What are the challenges that institutions face when investing in international education in China?
To begin with, the current regulations pertaining to education are very restrictive, especially with respect to foreigners. It is all but impossible for a foreigner to obtain an education license. Foreign institutions in most cases must partner with a local institution to enter the market, often time木s under less-than-favorable terms. Further, there are heavy restrictions on the types of teachers that can be hired. Regulations related to financial controls are also a barrier for foreign investors. It is difficult for foreign institutions to transfer profits or capital gains outside of China.
How will Chinese students looking to study abroad affect local higher education institutions?
The demand for Chinese looking to study abroad is large and getting larger. While some might think that this will have a negative impact on local institutions by drawing the best students away, I don’t think it will. Firstly, the number of Chinese students who are able to go abroad is relatively small compared to the overall student population. Secondly, China has some excellent institutions that are well branded and continue to draw high-quality students. In fact, in my estimation, many of the students whose parents are motivated to send them abroad are those who are not the top students but can get accepted at a second-tier school in the U.S., for example. Many of the foreign universities are happy to have Chinese students capable of paying the full tuition.
How does technology play a role in higher education?
Technology will play an ever-increasing role in education. MOOCs are one application of technology in education, allowing students to take courses from some of the world’s most prestigious universities via the internet. The downside of MOOCs is that they don’t incorporate the same level of live interaction that a student can get in a face-to-face classroom. However, companies like ILE are forging the way with next-generation technology that enables students to get live instruction one-on-one or in small groups via the internet. This opens the possibility for a student to find the right teacher no matter how far away the teacher might be. Look for this type of service to soon be available directly on a mobile phone or pad. Once this type of teaching (live, via the internet) becomes more widely adopted, it will change the entire economic structure of the education industry, since the cost of real estate and travel time (to-from the classroom) will be greatly reduced.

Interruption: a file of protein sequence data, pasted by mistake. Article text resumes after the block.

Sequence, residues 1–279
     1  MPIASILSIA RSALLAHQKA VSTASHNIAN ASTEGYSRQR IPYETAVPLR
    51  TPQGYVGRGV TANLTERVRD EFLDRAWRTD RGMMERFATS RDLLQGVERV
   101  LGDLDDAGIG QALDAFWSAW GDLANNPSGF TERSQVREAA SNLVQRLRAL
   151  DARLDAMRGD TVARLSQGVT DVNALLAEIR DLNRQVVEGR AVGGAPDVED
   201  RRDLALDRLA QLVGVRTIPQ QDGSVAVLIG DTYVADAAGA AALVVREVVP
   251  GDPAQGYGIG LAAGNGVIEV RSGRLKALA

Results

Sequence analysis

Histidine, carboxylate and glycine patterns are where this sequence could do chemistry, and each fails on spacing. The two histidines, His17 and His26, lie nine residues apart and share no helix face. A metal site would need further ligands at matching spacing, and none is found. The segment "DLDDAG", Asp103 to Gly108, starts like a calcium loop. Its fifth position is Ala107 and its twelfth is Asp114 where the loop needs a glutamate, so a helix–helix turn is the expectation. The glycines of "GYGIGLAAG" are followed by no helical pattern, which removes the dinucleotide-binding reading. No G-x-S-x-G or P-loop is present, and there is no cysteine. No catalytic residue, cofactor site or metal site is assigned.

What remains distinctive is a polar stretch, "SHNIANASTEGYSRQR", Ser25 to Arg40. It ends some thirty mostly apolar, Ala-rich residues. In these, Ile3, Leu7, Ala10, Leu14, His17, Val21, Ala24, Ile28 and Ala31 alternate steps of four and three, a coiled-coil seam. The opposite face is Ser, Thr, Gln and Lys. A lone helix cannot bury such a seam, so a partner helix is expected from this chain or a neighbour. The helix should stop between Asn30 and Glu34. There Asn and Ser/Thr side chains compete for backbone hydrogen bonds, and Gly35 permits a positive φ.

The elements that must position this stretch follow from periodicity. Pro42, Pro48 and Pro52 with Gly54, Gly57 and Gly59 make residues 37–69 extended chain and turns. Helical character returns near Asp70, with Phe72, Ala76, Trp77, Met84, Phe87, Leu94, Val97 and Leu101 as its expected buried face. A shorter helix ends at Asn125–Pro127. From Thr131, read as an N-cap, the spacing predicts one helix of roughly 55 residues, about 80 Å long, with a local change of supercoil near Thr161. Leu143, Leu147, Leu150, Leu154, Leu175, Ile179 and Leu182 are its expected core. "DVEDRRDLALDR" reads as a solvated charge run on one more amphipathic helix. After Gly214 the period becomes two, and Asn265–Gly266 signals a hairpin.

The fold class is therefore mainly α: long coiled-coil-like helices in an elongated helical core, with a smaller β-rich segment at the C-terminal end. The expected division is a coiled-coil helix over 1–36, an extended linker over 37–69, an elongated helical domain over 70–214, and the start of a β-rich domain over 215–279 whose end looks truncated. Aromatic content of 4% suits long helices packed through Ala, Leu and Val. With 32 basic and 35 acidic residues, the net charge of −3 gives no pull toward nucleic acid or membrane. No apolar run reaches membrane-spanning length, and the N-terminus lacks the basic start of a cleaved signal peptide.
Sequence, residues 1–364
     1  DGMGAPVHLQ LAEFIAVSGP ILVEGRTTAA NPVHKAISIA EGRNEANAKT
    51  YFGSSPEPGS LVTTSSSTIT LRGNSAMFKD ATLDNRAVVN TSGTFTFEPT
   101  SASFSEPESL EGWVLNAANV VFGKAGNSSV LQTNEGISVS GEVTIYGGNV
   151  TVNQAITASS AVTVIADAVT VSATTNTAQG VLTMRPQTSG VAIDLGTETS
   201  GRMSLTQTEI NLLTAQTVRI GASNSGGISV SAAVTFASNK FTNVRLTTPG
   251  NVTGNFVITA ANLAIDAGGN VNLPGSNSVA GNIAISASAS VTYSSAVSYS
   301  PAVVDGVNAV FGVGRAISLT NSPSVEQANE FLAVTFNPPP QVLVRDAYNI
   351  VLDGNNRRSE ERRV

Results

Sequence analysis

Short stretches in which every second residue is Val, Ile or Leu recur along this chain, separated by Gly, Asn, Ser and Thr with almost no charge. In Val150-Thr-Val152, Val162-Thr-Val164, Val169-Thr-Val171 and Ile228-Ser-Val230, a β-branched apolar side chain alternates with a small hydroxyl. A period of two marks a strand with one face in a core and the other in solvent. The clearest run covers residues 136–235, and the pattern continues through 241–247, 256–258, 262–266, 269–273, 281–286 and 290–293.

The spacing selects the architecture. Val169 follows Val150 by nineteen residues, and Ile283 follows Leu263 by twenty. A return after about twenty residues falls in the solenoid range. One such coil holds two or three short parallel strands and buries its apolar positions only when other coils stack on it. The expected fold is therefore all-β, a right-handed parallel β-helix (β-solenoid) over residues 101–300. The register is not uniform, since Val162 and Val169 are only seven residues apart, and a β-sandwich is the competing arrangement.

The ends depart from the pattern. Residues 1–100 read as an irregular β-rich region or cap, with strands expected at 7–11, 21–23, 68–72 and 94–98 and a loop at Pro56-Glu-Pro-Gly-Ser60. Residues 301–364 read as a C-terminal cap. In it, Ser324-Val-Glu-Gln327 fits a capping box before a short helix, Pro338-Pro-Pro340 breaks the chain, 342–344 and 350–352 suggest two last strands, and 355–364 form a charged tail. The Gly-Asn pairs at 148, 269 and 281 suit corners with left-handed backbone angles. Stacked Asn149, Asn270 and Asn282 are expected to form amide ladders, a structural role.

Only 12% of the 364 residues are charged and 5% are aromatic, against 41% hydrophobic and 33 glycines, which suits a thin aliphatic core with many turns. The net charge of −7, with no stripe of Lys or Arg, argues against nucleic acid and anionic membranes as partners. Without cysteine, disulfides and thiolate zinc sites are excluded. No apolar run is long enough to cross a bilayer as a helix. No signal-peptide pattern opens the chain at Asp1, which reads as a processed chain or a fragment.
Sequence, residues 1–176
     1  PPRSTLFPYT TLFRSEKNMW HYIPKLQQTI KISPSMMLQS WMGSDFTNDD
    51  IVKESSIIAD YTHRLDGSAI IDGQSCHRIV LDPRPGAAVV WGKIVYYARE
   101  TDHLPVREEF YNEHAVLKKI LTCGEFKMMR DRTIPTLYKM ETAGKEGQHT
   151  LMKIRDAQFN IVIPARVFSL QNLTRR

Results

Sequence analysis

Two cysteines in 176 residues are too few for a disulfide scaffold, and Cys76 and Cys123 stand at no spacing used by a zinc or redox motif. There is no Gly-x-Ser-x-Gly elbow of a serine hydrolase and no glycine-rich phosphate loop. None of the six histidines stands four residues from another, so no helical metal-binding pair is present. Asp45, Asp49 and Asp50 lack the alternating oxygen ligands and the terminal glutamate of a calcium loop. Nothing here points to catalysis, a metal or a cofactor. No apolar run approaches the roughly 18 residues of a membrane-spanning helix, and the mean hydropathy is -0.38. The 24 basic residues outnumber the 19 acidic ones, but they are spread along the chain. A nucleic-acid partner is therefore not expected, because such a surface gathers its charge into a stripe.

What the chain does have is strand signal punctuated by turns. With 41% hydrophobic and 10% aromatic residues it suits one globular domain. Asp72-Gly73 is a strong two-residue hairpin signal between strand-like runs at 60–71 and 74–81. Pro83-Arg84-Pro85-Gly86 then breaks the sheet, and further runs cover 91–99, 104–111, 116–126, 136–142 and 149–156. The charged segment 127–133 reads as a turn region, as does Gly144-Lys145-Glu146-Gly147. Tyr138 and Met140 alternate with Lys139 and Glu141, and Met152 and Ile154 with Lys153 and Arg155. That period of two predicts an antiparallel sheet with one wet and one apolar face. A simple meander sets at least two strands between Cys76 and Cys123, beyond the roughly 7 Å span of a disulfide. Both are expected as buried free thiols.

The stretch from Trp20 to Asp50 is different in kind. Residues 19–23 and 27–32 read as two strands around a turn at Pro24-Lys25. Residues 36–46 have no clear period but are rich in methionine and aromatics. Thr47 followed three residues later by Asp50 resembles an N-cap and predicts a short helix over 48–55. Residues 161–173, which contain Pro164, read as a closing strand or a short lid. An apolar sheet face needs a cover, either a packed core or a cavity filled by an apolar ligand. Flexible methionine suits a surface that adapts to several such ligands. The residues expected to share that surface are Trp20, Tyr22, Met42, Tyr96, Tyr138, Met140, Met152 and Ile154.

Other ways in which technology is transforming education is through gamification and social networking.
How do you view technology in the education industry?
I think that the education industry is the next to be radically transformed for the better by technology, much in the same way that Uber is transforming transportation, Amazon transformed media or PayPal transformed finance. Technology will enable far more effective and cheaper interaction between student and teacher than was ever possible before, reducing many of the economic barriers that make education cost-prohibitive for much of the world’s population. Further, we will see a blurring of the line that distinguishes a coach from a teacher, enabling millions of people to learn from others who have the right experience but aren’t necessarily professional educators.
What are the challenges and solutions for companies and the Chinese government to fill employment gaps?
Globalization is a phenomenon that has accelerated exponentially in recent decades, spurred on by the advent of the internet and the rise of huge developing economies such as China and India. At the heart of interaction is communication and, for a variety of historical reasons, English has emerged as the de facto global language of business communication.
While convenient for native English speakers, this reality presents an enormous challenge, and in some cases a barrier, for Chinese professionals to engage and thrive in a global business environment. Nonetheless, in many Western European countries such as Germany, France or Holland, a post-war environment that was heavily influenced by the U.S. and U.K. has engendered a culture that embraces English, and people are thus capable of communicating with others using English.
As China’s economy continues to globalize, its work force needs to improve its ability to communicate in a global business environment if Chinese companies are going to compete with European and American counterparts. Given the size of China’s workforce and the speed with which the global economy changes, only a solution that leverages the scalability and efficiency of mobile/online technology will be able to address this problem.